More on my description of my brief stint at the Locarno bowling alley, which did its usual thing and went off at several tangents. Mind you, I like tangents. Allowing my brain to drift off down an unexpected corridor of thought is the only way that I find out what really interests me. And in fact the trigger image for yesterday didn’t turn up in the blog-post at all. The trigger was the way some songs are remembered only for their lyrical hooks, the way that the rest of the words are consigned to a kind of oblivion.
While I was scraping the chewing-gum from the snack-bar floor (it had peculiarly adhesive qualities, and even now I dread to think in what way it attached itself to the inner tubing of anyone unwise enough to swallow the stuff), and learning the finer points of tea-making, one of the women with whom I was working concentrated on pushing a decrepit hoover over the carpet tiles. As she moved, in a series of spasms, she sang. But she only sang one thing, and she sang it lustily at the start of each push of her machine. It was this: ‘You always hurt the one you love’. You are probably familiar with the song. It has other words. You may know them. But they have long since vanished into the recesses of my own head, because all I ever hear, should the song pop up from the ether, is the sound of that hoover, and the note-perfect opening from the Locarno forty years ago.
The Locarno had a room which was not open to ordinary tenpin bowlers – it was for club members only. It sold alcohol, and it had a fruit machine with a very large jackpot (I may be wrong, but I think it might have been as much as fifty quid, a genuinely hefty prize in those days). The woman who sang the opening line, and the opening line only, began at one end of the alley, and motored slowly but surely towards this room. You need to remember that she was working, like me, for sixteen shillings a shift. In due course, each morning, she concluded her trawl of the floor by turning into the club-room and cleaning it. And then she went to the fruit machine.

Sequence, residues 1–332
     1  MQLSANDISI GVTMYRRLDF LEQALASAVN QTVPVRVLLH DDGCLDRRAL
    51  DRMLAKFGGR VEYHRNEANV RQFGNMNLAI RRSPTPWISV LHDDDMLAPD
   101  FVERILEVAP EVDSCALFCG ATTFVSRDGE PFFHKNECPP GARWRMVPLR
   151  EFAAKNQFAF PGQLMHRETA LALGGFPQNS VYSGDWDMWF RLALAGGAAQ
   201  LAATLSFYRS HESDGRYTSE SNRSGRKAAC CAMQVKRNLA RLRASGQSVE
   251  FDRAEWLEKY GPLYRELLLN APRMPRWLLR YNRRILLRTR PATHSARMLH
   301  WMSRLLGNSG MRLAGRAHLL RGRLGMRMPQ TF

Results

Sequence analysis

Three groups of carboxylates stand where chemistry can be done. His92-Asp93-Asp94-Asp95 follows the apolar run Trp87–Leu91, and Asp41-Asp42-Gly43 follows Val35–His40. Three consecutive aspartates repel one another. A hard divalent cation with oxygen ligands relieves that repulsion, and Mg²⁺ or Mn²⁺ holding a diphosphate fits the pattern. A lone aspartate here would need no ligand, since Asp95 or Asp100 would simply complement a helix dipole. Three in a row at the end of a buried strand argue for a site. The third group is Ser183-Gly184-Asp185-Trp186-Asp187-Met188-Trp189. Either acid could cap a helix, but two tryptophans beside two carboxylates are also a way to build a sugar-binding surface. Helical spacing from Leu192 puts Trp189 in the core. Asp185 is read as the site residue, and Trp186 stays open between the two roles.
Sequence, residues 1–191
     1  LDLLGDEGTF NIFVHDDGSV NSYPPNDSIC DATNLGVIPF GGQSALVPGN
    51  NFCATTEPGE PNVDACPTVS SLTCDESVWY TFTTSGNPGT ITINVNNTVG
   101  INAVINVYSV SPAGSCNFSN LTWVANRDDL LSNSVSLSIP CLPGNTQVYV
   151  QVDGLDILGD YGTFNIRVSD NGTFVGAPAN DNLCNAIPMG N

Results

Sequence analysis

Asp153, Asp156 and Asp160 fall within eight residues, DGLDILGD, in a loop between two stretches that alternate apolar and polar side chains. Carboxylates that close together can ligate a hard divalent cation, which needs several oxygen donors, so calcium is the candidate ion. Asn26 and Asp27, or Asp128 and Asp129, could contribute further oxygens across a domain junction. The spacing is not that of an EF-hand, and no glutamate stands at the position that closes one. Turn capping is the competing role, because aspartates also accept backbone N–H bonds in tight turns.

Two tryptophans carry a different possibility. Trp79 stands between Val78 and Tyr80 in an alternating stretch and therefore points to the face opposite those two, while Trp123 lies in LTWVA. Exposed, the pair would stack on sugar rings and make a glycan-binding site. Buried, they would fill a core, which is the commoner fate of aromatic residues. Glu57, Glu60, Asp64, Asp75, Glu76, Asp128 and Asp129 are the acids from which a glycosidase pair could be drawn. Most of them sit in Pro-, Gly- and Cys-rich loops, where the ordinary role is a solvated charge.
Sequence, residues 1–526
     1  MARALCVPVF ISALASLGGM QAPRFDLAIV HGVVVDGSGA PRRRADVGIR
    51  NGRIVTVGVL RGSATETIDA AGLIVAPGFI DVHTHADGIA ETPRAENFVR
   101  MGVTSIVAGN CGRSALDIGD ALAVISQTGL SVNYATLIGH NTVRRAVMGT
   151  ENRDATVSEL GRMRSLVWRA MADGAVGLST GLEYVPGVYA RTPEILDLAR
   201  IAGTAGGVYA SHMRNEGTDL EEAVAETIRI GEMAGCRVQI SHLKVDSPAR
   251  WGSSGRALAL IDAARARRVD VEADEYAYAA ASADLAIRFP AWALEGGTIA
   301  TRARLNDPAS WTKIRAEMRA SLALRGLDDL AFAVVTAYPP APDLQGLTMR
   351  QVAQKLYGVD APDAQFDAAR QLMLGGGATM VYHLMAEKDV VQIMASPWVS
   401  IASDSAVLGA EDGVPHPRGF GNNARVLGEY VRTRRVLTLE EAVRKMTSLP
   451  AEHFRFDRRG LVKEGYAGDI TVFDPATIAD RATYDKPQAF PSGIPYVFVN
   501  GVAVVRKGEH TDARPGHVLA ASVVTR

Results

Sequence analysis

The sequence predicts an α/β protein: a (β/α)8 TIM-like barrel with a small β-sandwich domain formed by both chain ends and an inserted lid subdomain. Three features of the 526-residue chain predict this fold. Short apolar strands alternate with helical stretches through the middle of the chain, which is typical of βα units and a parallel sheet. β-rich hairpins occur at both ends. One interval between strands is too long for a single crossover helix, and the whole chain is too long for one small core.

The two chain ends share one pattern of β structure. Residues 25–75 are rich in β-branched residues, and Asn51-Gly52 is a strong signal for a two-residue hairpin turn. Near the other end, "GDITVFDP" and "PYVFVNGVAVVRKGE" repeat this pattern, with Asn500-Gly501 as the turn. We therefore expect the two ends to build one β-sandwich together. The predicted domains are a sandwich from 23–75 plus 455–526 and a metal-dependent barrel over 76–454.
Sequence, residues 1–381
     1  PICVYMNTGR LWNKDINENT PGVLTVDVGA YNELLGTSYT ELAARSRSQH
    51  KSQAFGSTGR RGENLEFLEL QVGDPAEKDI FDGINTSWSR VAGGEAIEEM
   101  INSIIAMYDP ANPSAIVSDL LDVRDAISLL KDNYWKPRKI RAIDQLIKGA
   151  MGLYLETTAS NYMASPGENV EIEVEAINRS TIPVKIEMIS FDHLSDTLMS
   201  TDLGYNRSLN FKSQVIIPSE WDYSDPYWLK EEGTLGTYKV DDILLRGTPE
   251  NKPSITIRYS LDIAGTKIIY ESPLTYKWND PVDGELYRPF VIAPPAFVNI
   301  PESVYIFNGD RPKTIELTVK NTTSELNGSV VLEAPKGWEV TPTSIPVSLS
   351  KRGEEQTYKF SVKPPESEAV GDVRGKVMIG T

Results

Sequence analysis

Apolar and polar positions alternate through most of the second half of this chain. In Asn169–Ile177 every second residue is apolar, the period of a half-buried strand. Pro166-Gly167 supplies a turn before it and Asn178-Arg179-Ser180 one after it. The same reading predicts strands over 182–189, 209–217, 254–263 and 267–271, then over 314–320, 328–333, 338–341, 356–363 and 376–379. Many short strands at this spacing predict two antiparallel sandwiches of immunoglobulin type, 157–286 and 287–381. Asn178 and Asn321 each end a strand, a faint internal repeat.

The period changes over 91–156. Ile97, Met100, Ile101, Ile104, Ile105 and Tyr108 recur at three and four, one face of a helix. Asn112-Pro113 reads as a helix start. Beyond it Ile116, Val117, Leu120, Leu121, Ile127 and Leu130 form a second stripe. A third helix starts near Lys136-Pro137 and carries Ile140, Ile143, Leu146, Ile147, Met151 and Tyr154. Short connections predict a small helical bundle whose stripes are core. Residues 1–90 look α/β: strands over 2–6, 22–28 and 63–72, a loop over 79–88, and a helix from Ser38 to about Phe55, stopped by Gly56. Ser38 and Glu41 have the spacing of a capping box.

Every morning, she attempted to get that jackpot, with a small shoal of sixpences brought for the purpose. By my reckoning, she pumped about fifty sixpences (that’s £1.5s.0d, or £1.25) into its inviting slot. I was there for about a month or more, and I never saw her draw more than a few sixpences out of the machine. In other words, she was paying nine more shillings than she earned each day to the fruit machine. It was a sad thing to see.
I didn’t last long myself, because, for the only time in my life, I got the sack. I did something very criminal. I left some Windolene on a mirror (I was no more thorough at cleaning then than I am now, but I do my best, you know, I do try).
I often wonder what became of her. And I realise, as I always do when scouting round my brain, that there is a short story here, waiting to be written. I would give it a go, were it not that it might seem to render as farce the sad, daily chore she undertook.